# Key to making money with shares. Lesson 8. Price to free cash flow. Google

## P/FCF: Definition

Price to free cash flow (P/FCF) is a valuation metric used to analyze and compare a company’s per-share market price with its per-share price of free cash flow (FCF). This metric is pretty similar to P/CF.

However, P/FCF is more exact: it factors in free cash flow that subtracts capital expenditures from total operating cash flow, thus reflecting the actual cash flow a company has to fund non-asset-related items.

As the indicator is based on the cash flow statement (CFS), it’s seen as less prone to creative accounting.

FAST FACT:

In addition, free cash flow is similar to Warren Buffett’s concept of income that he uses to value companies (The Warren Buffett Way). It’s a strategy that combines Buffett’s focus on business value and quality. P/CF is used as the valuation criterion, while quality bases on operating profit and return on equity.

## Why Is P/FCF Important

This metric is critical, as it shows whether excess revenue can be generated, which is seen as an essential parameter when it comes to share pricing.

Compared to income per se, free cash flow is more transparent, as it reveals a company’s potential. Some companies report high income but are unable to convert it into cash.

If a company can’t generate it internally, it’ll have to seek help from outside investors, which will either dilute shares or boost borrowing.

## Formulas

By definition, P/FCF offers two calculation methods:

### 1. Using a company’s market cap:

Price to Free Cash Flow = (Market Cap) / (Free Cash Flow)

### 2. Per share:

Price to Free Cash Flow per Share = Share Price / (Free Cash Flow / Number of Shares Outstanding)

• P/FCF = Market Cap / Free Cash Flow;
• P/FCF per share = Share price / (Free Cash Flow / Shares outstanding);

Data on market cap/share price and a number of shares are available in stock exchange bulletins.

FAST FACT:

You can take free cash flow from the cash flow statement or calculate it on your own.

## Free Cash Flow

Free cash flow is operating cash flow after subtracting capital expenditures.

### Here’s a more detailed definition:

Earnings before Interest and Taxes* (1-Tax Rate) + Depreciation and Amortization – Change in Net Working Capital – Capital Expenditure.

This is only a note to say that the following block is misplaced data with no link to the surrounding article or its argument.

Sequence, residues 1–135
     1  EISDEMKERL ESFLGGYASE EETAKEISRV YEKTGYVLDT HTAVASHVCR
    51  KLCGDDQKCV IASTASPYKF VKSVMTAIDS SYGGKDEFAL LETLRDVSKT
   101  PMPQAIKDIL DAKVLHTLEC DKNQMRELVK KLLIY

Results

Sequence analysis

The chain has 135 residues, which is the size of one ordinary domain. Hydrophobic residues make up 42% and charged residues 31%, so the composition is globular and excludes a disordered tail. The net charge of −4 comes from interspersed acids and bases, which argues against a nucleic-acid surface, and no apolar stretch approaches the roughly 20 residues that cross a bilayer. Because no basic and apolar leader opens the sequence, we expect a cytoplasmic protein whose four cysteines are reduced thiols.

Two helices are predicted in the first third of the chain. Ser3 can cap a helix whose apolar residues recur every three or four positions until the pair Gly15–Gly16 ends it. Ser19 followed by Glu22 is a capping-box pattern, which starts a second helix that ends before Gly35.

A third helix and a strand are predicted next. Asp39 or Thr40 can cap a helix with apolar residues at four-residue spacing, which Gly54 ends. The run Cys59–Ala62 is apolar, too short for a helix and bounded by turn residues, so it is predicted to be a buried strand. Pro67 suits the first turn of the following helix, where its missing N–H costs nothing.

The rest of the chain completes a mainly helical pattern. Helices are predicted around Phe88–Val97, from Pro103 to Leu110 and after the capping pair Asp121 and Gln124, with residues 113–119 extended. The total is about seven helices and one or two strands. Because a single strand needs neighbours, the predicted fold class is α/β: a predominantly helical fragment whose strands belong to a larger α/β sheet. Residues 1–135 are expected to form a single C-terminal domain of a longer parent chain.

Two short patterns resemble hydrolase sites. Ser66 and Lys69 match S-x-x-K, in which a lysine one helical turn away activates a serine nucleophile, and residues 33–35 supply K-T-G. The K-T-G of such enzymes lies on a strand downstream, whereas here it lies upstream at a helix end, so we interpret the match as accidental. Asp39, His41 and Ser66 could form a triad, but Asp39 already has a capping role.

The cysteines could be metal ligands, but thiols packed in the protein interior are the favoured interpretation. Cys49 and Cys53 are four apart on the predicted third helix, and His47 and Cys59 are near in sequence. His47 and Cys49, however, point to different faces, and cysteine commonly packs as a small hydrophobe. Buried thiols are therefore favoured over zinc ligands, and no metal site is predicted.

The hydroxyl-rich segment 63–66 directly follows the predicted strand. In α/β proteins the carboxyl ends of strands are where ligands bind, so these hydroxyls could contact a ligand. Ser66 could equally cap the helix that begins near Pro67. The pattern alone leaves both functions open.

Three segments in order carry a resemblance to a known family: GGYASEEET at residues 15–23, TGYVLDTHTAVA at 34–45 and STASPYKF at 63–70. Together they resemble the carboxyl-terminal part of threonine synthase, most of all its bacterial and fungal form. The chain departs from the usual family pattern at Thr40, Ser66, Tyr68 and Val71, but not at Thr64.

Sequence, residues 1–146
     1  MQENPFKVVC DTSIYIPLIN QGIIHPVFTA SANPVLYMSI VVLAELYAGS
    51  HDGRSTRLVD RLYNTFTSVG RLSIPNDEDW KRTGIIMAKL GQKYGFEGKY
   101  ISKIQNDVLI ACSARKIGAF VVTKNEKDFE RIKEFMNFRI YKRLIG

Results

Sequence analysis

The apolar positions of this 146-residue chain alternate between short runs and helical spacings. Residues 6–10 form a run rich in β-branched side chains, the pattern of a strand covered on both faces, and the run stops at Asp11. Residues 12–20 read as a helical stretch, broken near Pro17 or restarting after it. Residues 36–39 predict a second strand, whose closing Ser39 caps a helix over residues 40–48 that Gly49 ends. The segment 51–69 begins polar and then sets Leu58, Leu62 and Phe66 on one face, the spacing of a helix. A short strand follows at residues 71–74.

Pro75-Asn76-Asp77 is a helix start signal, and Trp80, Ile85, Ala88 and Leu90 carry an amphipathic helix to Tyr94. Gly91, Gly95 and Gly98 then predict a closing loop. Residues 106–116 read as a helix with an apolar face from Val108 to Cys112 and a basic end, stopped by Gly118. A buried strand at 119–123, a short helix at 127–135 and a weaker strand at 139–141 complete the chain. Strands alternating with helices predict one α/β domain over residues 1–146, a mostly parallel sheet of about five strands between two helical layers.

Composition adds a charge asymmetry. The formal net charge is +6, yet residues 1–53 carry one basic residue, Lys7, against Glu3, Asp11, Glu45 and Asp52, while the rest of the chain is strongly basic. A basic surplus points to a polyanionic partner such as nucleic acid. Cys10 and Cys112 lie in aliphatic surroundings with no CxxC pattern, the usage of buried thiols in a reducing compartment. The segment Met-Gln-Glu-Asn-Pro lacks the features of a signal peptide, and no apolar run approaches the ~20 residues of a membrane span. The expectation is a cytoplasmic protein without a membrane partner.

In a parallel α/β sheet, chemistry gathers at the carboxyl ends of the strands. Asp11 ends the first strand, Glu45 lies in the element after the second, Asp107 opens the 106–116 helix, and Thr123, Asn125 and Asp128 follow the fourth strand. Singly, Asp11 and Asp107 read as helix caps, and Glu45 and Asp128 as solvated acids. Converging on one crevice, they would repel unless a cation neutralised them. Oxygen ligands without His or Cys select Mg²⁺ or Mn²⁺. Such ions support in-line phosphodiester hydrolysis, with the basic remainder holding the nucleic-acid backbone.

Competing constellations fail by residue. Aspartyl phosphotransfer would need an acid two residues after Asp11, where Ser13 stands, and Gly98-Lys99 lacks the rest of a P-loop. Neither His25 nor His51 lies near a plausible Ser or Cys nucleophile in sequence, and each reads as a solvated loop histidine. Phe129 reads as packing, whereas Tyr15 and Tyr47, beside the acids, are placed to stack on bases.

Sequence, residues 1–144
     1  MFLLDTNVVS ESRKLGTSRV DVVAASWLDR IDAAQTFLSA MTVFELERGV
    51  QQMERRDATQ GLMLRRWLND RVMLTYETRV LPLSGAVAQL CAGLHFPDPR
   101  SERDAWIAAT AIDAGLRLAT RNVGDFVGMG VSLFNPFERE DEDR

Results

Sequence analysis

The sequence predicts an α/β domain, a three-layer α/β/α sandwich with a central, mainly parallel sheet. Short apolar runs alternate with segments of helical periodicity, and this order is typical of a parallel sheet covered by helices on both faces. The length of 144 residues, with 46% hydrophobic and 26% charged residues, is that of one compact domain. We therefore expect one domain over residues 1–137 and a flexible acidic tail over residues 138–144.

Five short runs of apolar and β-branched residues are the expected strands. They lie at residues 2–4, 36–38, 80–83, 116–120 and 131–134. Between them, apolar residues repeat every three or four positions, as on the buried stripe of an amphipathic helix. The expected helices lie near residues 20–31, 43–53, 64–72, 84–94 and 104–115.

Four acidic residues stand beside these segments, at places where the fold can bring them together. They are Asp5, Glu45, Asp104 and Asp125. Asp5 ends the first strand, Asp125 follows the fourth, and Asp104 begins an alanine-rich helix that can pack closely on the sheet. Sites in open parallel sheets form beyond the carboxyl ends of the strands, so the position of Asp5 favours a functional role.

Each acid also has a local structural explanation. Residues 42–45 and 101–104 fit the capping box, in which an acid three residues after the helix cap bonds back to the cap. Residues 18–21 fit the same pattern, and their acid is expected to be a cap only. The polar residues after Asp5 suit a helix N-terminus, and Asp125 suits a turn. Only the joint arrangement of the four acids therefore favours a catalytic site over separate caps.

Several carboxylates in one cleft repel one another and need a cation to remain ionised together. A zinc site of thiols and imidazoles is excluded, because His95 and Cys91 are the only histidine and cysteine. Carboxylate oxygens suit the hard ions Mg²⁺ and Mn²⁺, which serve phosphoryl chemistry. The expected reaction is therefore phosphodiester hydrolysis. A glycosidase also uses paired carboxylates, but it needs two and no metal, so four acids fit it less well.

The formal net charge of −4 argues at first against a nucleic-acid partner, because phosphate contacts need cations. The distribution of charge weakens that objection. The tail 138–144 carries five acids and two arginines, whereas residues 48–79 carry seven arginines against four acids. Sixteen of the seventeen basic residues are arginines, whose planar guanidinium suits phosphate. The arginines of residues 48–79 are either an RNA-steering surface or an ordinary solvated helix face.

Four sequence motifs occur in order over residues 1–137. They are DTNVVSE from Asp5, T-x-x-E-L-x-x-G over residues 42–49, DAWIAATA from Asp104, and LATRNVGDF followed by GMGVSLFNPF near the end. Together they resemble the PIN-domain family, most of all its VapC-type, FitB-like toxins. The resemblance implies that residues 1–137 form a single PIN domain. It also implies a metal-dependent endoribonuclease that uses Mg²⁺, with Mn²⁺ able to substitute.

In other words, FCF measures a company’s capability to generate what investors care about most: cash that can be distributed at their own discretion.

## Practice

### Training Case

A company has 2 million shares outstanding:

• Price: \$20 per share
• Free Cash Flow = \$10m
• P/FCF = (2,000,000 * 20) / 10,000,000 = 4

## Real-Life Case: Google

1. Let’s calculate Google’s (Alphabet) Free Cash Flow for the quarter ended September 2020.

FCF 3q = CFO − Capital Expenditures = \$17,003−\$5,406 = \$11,597

FCF per Share 3q = (CFO − Capital Expenditures) / Shares Outstanding (Diluted Average) = (\$17,003 − \$5,406) / 731.959 = 15.844

2. Now let’s calculate the trailing indicator for 12 months. To that end, we also need data for December 2019, March, and June 2020 (similar to our September calculation).

12-month Free Cash Flow (TTM) for the period ended in September 2020 is as follows:

\$8.375 (Dec. 2019) + \$5.446 (Mar. 2020) + \$8.602 (Jun. 2020) + \$11.597 (Sep. 2020) = \$34.02

12-month Free Cash Flow per Share (TTM) for the period ended September 2020 is as follows:

\$12.159 (Dec. 2019) + \$7.373 (Mar. 2020) + \$11.729 (Jun. 2020) + \$15.844 (Sep. 2020) = \$47.11

3. At this stage, let’s find out P/FCF according to both formulas (the share price as of November 12, 2020 is \$1,747.23).

Price-to-Free-Cash-Flow per share = Share Price / Free Cash Flow per share (TTM) = 1,747.23 / 47.11 = 37.09

Price-to-Free-Cash-Flow = Market Cap / Free Cash = 1,184.01 / 34.02 = 34.80

4. Compared to last year, Google’s P/FCF was better in September 2019: 19.75 (lower share price and higher FCF).

5. Let’s take a look at the peers:

• Facebook: 41.48;
• Tencent Holding: 51.83;
• Spotify Technology SA: 151.94.

Google currently has a decent P/FCF in comparison with its peers.

## Interpretation

• Just like with P/E, the lower the value, the better.
• Lower P/FCF: a company is undervalued and its shares are relatively cheap.
• Higher P/FCF: a company is overvalued.
• Investors often look for companies that have high or growing free cash flow but a low share price.
• A low P/FCF usually means shares are undervalued and prices are likely to rise.

## Limitations

• Note that free cash flow (FCF) is highly dependent on a company’s cash flow from operations (CFO) that, in turn, is strongly impacted by net income (excluding amortization).
• Investors should keep in mind that companies can manipulate their free cash flows, e.g., by deferring bill payments or buying goods and materials (in order to save cash).
• In addition, companies have some leeway as to which commodities are/aren’t considered to be capital expenditures, while investors should be aware of this when comparing free cash flow of various companies.
• FCF isn’t assessed by depreciation and amortization (DDA). However, we should give it a long-term outlook, as it can be strongly impacted by the cost of fixed assets this year. In the long term, FCF should give a pretty good idea of a company’s real profitability.

## Let’s Sum It Up

1. Some investors will choose companies with significant free cash flow thanks to the promising future. Combined with a low share price, they can make decent investments in companies with high free cash flow.

2. There are investors who pay more attention to free cash flow compared to other metrics.

3. However, as with evaluating any multiple, it’s always necessary to do a comparative analog and historical analysis to make an informed decision.

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